• A yellow background of a cell indicates a syntax error.

The rules and ROM logic GUI operation is demonstrated in the following examples.  

4. Example: Three input, synchronous AND gate.

In Figure 5, the ROM logic object is named AND3 (optional). DIO0…DIO2 are selected as inputs, DIO3 as output. The signal names are changed to i0…i2, respectively o3 (optional). The synchronizing frequency is set to 5MHz, meaning the output signal will be synchronized to a 5MHz clock with 0° phase, relative to the moment of running the Pattern Generator; this way, the output signal is synchronized to other signals generated by the Pattern generator.

In the Truth Table tab, the first line describes the default case, with the output signal value of 0. With three X-es in the input pane, this line is equivalent to 23=8 expanded lines. However, the second line overrides one line out of the eight, forcing the output signal to 1 when all inputs are 1. The equivalent VHDL code is:

 
 -- Line 1 in the truth table
 AND3: process(i2,i1,i0)
 begin
    o3 <= ‘0’;  -- default output is ‘0’
 -- Line 2 in the truth table
    if i2 = ‘1’ and i1 = ‘1’ and i0 = ‘1’ then
       o3 <= ‘1’; -- overrides o3 for a particular case
    end if;
 end process;

Notice that the Truth Table lines are “sequential”, with the same meaning as the lines within a VHDL process: a line can override the effect of previous lines, in both cases.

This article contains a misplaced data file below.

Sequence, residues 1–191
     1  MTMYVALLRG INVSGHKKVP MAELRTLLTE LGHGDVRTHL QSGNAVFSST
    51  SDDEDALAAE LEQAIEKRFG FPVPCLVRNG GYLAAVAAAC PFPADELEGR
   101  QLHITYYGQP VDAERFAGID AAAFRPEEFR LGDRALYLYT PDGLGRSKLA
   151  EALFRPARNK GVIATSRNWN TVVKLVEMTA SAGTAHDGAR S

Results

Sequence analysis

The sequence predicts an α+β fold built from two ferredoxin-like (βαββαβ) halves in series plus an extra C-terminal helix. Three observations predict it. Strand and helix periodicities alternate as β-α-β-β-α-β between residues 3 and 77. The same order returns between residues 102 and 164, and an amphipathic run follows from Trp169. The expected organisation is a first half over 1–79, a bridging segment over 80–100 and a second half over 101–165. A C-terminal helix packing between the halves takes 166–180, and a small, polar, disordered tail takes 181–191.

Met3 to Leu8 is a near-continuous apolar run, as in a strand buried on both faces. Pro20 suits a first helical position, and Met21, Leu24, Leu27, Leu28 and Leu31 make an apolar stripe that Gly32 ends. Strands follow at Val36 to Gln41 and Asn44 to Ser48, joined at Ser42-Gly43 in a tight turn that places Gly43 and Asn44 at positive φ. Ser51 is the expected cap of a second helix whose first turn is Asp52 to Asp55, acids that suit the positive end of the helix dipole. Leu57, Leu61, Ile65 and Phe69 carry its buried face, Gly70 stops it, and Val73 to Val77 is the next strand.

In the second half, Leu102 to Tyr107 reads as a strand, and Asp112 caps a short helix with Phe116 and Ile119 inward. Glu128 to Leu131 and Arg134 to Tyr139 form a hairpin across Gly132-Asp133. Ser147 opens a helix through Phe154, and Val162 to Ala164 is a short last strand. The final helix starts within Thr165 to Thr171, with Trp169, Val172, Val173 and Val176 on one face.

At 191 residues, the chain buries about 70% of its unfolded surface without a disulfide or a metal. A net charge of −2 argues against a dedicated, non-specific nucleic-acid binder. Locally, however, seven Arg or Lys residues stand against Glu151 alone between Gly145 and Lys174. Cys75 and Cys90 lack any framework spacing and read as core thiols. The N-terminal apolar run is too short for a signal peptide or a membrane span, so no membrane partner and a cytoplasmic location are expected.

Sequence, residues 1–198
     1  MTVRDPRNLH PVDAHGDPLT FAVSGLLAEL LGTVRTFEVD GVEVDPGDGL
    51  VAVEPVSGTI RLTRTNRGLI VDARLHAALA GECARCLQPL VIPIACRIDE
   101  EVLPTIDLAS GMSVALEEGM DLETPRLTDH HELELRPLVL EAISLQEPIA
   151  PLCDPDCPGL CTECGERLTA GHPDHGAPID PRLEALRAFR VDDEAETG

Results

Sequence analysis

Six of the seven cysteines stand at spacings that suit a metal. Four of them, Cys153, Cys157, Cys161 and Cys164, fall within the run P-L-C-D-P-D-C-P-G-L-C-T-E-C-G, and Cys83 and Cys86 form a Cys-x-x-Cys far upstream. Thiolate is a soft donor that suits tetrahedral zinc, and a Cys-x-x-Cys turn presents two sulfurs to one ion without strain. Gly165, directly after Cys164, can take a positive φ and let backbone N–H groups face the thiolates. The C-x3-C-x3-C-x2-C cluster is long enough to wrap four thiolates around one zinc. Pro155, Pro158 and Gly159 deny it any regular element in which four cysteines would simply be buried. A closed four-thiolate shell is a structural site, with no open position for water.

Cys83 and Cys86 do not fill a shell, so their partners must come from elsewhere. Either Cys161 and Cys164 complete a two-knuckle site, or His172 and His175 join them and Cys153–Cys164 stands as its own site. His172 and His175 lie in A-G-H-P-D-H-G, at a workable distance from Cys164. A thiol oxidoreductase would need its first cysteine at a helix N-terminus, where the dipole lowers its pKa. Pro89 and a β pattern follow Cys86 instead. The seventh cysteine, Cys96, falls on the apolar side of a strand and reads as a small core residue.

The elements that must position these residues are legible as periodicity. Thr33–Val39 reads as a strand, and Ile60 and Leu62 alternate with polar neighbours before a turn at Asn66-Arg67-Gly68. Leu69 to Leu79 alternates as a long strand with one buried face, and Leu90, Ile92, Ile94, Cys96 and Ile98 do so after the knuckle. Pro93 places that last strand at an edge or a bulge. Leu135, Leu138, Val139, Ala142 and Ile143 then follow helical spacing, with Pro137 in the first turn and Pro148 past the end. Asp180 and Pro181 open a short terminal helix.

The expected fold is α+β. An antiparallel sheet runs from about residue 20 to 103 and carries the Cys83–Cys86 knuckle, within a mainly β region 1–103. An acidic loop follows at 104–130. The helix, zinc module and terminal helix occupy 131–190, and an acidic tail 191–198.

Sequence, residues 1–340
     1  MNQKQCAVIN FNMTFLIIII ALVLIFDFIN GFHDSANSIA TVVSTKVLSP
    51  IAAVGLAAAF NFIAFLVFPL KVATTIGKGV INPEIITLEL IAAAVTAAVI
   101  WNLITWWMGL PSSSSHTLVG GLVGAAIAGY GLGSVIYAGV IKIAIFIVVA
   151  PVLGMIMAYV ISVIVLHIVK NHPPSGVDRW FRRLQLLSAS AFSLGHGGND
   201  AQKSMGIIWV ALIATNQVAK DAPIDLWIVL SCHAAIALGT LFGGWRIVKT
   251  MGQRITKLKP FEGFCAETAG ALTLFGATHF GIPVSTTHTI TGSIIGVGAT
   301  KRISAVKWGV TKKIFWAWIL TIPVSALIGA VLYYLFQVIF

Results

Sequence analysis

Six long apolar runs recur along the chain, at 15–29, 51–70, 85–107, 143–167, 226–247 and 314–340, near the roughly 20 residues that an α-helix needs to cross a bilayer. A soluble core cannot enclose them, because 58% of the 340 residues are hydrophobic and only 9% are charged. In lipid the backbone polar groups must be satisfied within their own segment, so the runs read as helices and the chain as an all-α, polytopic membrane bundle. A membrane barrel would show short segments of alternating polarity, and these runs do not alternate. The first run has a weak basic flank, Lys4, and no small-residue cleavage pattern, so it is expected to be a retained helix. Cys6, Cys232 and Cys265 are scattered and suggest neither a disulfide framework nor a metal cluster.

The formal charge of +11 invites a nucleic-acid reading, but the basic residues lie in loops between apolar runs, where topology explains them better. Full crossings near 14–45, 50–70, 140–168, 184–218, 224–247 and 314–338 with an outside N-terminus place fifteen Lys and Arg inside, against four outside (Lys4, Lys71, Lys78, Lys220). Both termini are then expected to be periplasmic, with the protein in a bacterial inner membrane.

Figure 5 Synchronous 3 input AND gate ROM logic.

Figure 5 Synchronous 3 input AND gate ROM logic.

To verify the behavior of the 3 input AND gate, Run the Pattern Generator and the Static IO. Set the DIO2…DIO0 as Switches and keep DIO3 as LED, in the Static IO. Notice that DIO3 is High only when all DIO2, DIO1 and DIO0 are High. Make sure you close the Static IO.

Figure 6. Using Static IO to verify the 3 input synchronized AND gate.

Figure 6. Using Static IO to verify the 3 input synchronized AND gate.

To observe the dynamic behavior of the synchronized 3-input AND gate, define a binary counter on DIO2…DIO0 in the Pattern Generator. Set the clock frequency to 3MHz. (However, the closest frequency WaveForms can generate is 2.941MHz.) This frequency is chosen not to be integer multiple or submultiple of the ROM logic frequency (5MHz). Also define a 5MHz clock on DIO4 (same as for the ROM logic). This clock is not used by the ROM logic, but will serve as reference for observation in the Logic Analyzer.

Open a Logic Analyzer. Add/Bus with DIO2…DIO0, and Add/Signals DIO3 and DIO4. Set the trigger on the falling edge of DIO2. Set convenient time base and position. Run Pattern generator and Logic analyzer. Observe instable image for DIO3 and DIO4, as their frequency is not correlated with Bus1.